If you’re looking to build serious pushing strength, an at-home chest workout might be just what you need to add to your exercise routine.
Chest workouts target your pectoral muscles—both your pectoralis major (a large, fan-shaped muscle that spans across your chest) and your pectoralis minor (the smaller muscle that sits underneath it). Your pec muscles help you perform pressing movements like push-ups and bench presses, and they also play a role in efficient breathing, as SELF previously reported.
Working your pec muscles is important for anyone trying to get stronger, but you don’t need to go overboard by cranking out tons of exercises and reps to make that happen, ACE-certified personal trainer Sivan Fagan, owner of Strong with Sivan in Baltimore, tells SELF. In fact, this at-home chest workout she created will challenge your pec muscles and your triceps—the muscles in the back of your upper arms, which aid in pushing movements—with just three exercises.
“This workout is short, but it hits everything you want to hit if you’re looking to target your chest,” she says.
The following at-home chest workout targets your pushing muscles in different ways, Fagan says. First, you’ll start with a dead-stop push-up, a challenging push-up variation that takes momentum out of the equation, which forces your pushing muscles to really fire to get the job done. Then you’ll go into the chest fly, a pec-specific exercise that doesn’t call in on your triceps for extra help. By the time you get to the last exercise, the alternating chest press, your pec muscles will be wiped, so even lighter dumbbells on this classic move will start to feel super challenging.
The goal of this workout is to help you build strength and muscle, so you’ll be working with a lower rep range than you may be used to. While super low reps (think 1 to 5) are effective at building strength, moving up slightly on the rep range (think 8 to 12), can help you get stronger while adding muscle, says Fagan. (Higher rep ranges, like 15 and above, are helpful in building muscular endurance.)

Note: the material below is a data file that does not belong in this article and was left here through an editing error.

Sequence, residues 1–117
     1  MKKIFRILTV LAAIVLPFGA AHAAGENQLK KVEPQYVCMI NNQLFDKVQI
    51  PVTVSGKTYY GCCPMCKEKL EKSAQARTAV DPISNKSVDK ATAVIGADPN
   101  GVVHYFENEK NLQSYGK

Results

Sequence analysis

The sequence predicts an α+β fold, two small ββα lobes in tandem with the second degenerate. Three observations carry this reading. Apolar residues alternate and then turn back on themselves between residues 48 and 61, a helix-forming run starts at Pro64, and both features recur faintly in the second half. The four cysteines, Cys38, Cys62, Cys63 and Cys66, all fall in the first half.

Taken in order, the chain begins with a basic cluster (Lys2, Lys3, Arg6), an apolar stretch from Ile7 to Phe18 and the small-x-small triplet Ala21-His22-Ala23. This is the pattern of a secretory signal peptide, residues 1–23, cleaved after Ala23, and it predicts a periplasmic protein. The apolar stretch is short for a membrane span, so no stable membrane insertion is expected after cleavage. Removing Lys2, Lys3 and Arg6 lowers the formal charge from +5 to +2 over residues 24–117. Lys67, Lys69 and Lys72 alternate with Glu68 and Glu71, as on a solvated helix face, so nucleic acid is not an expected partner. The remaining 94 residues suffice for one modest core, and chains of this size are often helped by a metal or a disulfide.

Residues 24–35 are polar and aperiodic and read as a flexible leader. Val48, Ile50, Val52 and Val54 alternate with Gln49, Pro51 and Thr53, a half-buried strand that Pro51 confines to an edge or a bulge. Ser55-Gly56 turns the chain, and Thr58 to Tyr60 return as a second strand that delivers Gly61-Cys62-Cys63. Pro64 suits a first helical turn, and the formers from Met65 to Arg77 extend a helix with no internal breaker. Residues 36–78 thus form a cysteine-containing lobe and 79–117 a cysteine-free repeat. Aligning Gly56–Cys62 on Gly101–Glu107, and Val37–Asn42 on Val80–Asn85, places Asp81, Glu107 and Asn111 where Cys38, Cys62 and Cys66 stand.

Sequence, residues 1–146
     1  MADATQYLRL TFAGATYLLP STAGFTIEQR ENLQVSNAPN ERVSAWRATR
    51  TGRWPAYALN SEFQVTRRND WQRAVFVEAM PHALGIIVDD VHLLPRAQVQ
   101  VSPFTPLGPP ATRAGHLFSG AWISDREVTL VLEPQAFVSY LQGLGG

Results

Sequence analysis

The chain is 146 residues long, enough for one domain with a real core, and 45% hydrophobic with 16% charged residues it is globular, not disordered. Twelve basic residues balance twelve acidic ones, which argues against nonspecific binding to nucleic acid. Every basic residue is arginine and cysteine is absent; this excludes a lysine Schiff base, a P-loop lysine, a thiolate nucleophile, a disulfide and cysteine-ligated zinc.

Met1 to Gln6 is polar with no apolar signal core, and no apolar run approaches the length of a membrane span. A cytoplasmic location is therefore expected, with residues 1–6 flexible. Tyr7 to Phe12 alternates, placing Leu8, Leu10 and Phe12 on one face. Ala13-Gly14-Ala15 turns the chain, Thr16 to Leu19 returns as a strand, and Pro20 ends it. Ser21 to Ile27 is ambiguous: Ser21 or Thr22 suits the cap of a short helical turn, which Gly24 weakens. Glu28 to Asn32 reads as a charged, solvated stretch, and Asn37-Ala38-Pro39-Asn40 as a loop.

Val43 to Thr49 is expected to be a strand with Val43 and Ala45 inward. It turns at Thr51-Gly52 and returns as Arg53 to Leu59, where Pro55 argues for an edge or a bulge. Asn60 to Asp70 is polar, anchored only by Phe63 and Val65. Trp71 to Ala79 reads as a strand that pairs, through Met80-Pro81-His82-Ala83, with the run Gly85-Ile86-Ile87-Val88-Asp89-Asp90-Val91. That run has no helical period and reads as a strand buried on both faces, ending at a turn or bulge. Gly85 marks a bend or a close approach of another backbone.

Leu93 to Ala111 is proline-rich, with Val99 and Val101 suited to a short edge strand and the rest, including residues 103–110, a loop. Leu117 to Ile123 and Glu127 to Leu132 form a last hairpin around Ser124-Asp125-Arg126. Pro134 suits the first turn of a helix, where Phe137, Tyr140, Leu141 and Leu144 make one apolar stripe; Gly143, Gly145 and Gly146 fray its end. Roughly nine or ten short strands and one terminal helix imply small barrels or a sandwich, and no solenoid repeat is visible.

The average exerciser looking to get stronger should do aim to work their chest muscles twice a week, Fagan says. Since this is a chest-specific workout, you can do this workout once a week, and pair it with a full-body or upper-body workout that includes a bit of chest work for the other day.
Before you get started with this routine, it’s a good idea to warm up your muscles first. Dynamic moves like the dead-bug and the T-spine rotation—which get your core firing and mobilize your upper thoracic spine—can be useful in a pre-workout warm-up. You should also make a point to stretch your pecs after the routine, like with the doorway pec stretch.
What you’ll need: An exercise mat for comfort, and a pair or two of dumbbells. You may need to use a lighter pair for the chest fly than the chest press.
Alternating chest press
You’ll do this workout in straight sets, meaning you will perform all your sets of one exercise for the prescribed number of reps before moving on to the next exercise.
Complete as many reps as possible of the dead-stop push-up. Rest 1-2 minutes. Do 3 sets total.
Complete 8-12 reps of the chest fly. Rest 1-2 minutes. Do 3 sets total.
Complete 8-10 reps on each side of the alternating chest press. Rest 1-2 minutes. Do 3 sets total.
Demoing the moves below are Erica Gibbons (GIF 1), a California-based personal trainer and graduate student becoming licensed as a marriage and family therapist; Nathalie Huerta (GIF 2), a coach at The Queer Gym in Oakland, California; and Harlan Kellaway (GIF 3), a trans bodybuilder based in Queens, New York City.